This quest reminds me of the research into facetted classification that occupied many minds a quarter century ago and perhaps still does. It is also closely tied in with current research into encoding cultural information so that a computer can “understand” more of what a piece of spoken or written text might actually mean to a human hearer or reader (see, for instance, http://www.businessinsider.com/cycorp-ai-2014-7).

    A textual genre is a classification at headline-level only and not a linnaean rubber stamp. For instance, a tragedy may have its comic moments, and a comedy its sad and sombre scenes. The assignment of a document to a genre is also partly subjective and perhaps unstable too, depending as it does on the sensibilities and mood of the person doing the assigning at the moment of doing it.

    Have I misunderstood the thrust of this topic?
    ———————
    Marina Santini

    Thanks for your thoughts, Stephen. I think your stance about genre is compliant with what we call the “bottom-up” approach, ie an “instinctive-intuitive” approach to document genre classification. However, there is also the “expert” view on genres. For ex, think of the all the manuals describing and teaching academic writing. They often describe how to write specific academic genres, such as “essays”, or “theses”, and “papers”. The classification of these genres is less dependent on the mood and more dependent on the conventions established in a specific field or discipline….
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    Stephen Durnford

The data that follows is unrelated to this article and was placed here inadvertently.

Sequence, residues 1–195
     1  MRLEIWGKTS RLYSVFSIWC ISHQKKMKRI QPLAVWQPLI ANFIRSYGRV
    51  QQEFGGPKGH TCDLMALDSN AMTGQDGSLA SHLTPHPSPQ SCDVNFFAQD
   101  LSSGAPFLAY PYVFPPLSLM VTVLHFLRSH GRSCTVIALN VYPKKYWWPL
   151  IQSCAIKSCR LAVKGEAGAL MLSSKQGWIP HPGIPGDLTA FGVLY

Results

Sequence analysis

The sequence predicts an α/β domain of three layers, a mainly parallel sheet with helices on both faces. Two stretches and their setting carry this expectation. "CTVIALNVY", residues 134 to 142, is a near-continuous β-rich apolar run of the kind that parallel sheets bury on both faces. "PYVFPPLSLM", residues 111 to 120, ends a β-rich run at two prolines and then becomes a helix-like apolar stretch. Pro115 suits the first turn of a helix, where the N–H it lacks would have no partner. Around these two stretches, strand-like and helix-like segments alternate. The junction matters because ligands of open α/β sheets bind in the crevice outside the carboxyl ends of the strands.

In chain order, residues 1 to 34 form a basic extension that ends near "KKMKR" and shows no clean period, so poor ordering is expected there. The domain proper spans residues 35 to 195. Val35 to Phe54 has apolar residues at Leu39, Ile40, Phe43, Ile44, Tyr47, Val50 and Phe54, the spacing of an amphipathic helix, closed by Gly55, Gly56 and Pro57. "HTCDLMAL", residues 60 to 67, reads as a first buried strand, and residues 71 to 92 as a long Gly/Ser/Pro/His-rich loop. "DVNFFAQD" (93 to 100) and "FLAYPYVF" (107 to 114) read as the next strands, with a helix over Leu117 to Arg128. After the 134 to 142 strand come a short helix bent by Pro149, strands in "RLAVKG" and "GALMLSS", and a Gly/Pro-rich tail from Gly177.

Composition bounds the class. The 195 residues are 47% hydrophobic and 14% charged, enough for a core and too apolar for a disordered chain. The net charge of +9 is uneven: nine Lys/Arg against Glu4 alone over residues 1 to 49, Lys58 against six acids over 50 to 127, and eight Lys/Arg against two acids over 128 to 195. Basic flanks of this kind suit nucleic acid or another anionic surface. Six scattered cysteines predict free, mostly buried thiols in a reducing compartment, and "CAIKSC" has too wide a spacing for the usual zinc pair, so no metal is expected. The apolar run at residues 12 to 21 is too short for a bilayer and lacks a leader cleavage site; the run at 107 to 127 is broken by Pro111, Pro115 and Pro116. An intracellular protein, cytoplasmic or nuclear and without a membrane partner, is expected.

Any taxonomic system of genres and sub-genres depends crucially on well-chosen terminology, rigorously defined. This can only be done by reaching right to the bottom of each to check for gaps and conflicts, then back up to the top again. Working bottom-up is one way of collecting, collating and agreeing all the relevant constituents.

    Undetected mismatches of definition or unchecked assumptions of meaning are major sources of mystery and conflict, be it between religious sects or the management teams of companies when merging. For genres of documents the risk is perhaps less dire, but the principle is the same.
    ————————
    Katerina Xafis

    This link might be of interest as it makes reference to interdiscursivity, hybridization and colonization: http://www.cambridgescholars.com/download/sample/57859
    ———————-
    Marina Santini

    Thanks for the link, Katerina. I will read it with interest.
    My thoughts about genre hybridism are summarized here: http://www.nltg.brighton.ac.uk/home/Marina.Santini/HICSS_07.pdf

    The genre colonization idea comes from this paper (http://www.asis.org/Bulletin/Dec-01/beghtol.html) by Clare Beghtol.

    Beghtol says: “Readers’ expectations for and understanding of various genres have been exploited in such practices as genre colonization, where the vocabulary and text forms of one field are used to rationalize and legitimize changes in another. For example, discussions of students as both the “consumers” and the “products” of an educational institution use terms from the field of marketing to create new kinds of expectations in the field of education. This analogical reasoning likening one field to another extends to the development of analogous text genres such as the creation of marketing plans, mission statements and outcome analyses for educational institutions. In cases of genre colonization, readers must have expectations both for the genres of one field and of the standard structures and expectations of another field.”

    I think this “colonization” aspect deserves more investigations in the future in order to understand the level and the impact of genre hybridism of digital documents.

    I wish you a nice summer

    Marina
    ——————————